A number of regional agreements are of particular importance in the European context. The Framework Convention on the Protection of Transboundary Waters [www.unicc.org/unece/env/conv/water.htm] of the United Nations Economic Commission for Europe (UN-ECE) plays a major role for water and wetland protection in Central, Eastern and South Eastern Europe. There are several other agreements on the protection of transboundary rivers in Europe. One of the oldest is the Rhine Convention which served as a model for several other river conventions, like those on the Danube, Elbe, Odra, or Bug [Note: see www.iksr.org for the Rhine Convention, www.ikse.de for the Elbe Convention, with important further links. Holtrup (1999) The protection of transboundary rivers in Europe - about the effectiveness of international environmental regimes (in German), provides an analysis about transboundary water protection in Western, Central and Eastern Europe.] A new Rhine Convention was recently signed, completed by an Action Programme that covers the entire river basin, including aspects of nature and wetland protection and sustainable development. A major target of the new Action Programme for the Rhine is to establish continuous nature protection areas - a so-called "green chain" - along the river from its source to the delta. Similar programmes are in progress for the Elbe, Odra and other rivers.

Several agreements on regional seas cover increasingly wetland conservation and wise use in the context of integrated coastal zone or catchment planning procedures. Some fall under the UNEP Regional Seas Programme, such as the Barcelona Convention (renewed in 1995) and its Mediterranean Action Plan. Others are outside of this programme, such as the Helsinki Convention with the "Helcom" Commission [www.helcom.fi], the Common Wadden Sea Secretariat, or the Convention for the Protection of the Marine Environment of the North-East Atlantic (OSPAR) [www.ospar.org].

Various NGOs work at international scale in areas of overlapping interest, such as the international organisation partners of the Ramsar Convention BirdLife International, IUCN, WWF, and Wetlands International and several, more regionally focused organisations in Europe, such as BUND, Rivernet, Stiftung Europäisches Naturerbe, Global Nature Fund, Coalition Clean Baltic and others.


Starting in 1997, as part of an internship project (initiated by Maryse Mahy, and followed up by Anett Zellei), the Ramsar Bureau began to collect data concerning National Wetland Policies of Contracting Parties in the European region. The project concentrated on the implementation of Action 2.1.2 of the Ramsar Strategic Plan 1997-2002. It resulted in a number of national reports and some attempts to edit a concise analysis. The main focus of this exercise was to produce an overview on 1) the development and implementation status of wetland policies in each Contracting Party, 2) the identification of regional trends, and 3) the provision of additional recommendations for enhanced implementation of these obligations of the Ramsar Convention.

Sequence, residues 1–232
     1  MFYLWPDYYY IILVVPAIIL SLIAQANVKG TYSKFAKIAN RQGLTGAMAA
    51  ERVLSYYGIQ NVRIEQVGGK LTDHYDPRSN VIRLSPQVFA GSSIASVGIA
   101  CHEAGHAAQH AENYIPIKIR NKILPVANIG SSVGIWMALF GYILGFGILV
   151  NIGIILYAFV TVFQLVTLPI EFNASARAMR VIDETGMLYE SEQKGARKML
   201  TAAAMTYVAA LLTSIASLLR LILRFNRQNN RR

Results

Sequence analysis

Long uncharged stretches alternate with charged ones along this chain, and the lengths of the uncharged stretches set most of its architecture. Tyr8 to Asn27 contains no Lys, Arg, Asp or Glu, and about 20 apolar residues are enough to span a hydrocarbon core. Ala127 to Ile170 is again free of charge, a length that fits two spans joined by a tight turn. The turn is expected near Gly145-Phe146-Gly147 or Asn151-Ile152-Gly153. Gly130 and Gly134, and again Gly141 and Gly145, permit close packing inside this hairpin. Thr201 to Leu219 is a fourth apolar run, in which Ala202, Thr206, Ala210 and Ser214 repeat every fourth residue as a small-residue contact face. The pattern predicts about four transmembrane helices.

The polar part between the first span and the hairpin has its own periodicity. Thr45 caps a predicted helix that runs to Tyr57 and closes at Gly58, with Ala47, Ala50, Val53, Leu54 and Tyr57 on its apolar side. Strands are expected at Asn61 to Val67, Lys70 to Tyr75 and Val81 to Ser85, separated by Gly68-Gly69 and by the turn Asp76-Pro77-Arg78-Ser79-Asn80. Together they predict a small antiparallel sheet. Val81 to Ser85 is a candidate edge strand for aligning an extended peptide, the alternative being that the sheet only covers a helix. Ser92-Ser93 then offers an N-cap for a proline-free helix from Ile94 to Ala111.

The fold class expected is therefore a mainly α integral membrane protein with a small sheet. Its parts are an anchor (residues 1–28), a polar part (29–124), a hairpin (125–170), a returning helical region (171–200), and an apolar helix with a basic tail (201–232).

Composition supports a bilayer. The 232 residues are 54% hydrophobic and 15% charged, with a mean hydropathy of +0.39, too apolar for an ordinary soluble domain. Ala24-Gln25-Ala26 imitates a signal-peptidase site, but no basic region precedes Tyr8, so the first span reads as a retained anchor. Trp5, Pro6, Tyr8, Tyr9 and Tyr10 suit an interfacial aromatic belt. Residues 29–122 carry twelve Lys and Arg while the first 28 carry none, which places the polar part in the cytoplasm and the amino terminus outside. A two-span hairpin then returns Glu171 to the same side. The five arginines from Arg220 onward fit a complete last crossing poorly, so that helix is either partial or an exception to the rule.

This preliminary overview concentrates on the analysis of specific reports submitted by most European Contracting Parties upon request by the Ramsar Bureau, and additionally on information provided in the National Reports prepared for COP7. The information reflects therefore more or less the situation in late 1998, as in most cases no other information was provided to the Ramsar Bureau since. However, we tried to incorporate more recent information available at the time of analysis (in summer 2000) wherever possible.

The overview covers four central topics, developed in more detail in Ramsar Handbook 2, based on Resolution VII.6, providing guidelines for "Developing and implementing National Wetland Policies".

General questions for the preliminary analysis

  1. Does the Contracting Party have a National Wetland Policy in place providing a comprehensive statement of the Government’s intention to implement the provisions of the Ramsar Convention?
  2. Has the Contracting Party taken its obligations under the Ramsar Convention into consideration when preparing related policy instruments, such as National Biodiversity Strategies, National Environmental Action Plans, River Basin Management Plans, or similar instruments?
  3. Has a National Ramsar Committee been established in the Contracting Party to promote coordinating mechanisms and to increase cooperation and synergy between different agencies and institutions? What is the structure of this National Ramsar Committee, who is involved, and how is the cooperation procedure structured?
  4. Do Contracting Parties without a National Ramsar Committee have other bodies that serve the same purpose?

The results of the preliminary analysis are presented in the attached tables with short comments on a country-by-country basis. Additional information, extracted directly from the National Reports to COP7 (available on the Ramsar Convention website) is marked with (M).

As the analysis is based on information that may now be partially out-of-date, the Ramsar Bureau would appreciate receiving necessary amend-ments, corrections or updates.

To this end, this informal report is distributed as a working document, together with the invitation for the European meeting on the Ramsar Convention, called and hosted by Slovenia in October 2001, with the support of the Ramsar Bureau.

Ramsar Bureau/TS/25 April 2001

File 2: Analyses by country

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Number of » Contracting Parties: 168 Sites designated for the
» List of Wetlands of
International Importance
2,186 Total surface area of designated sites (hectares): 208,674,247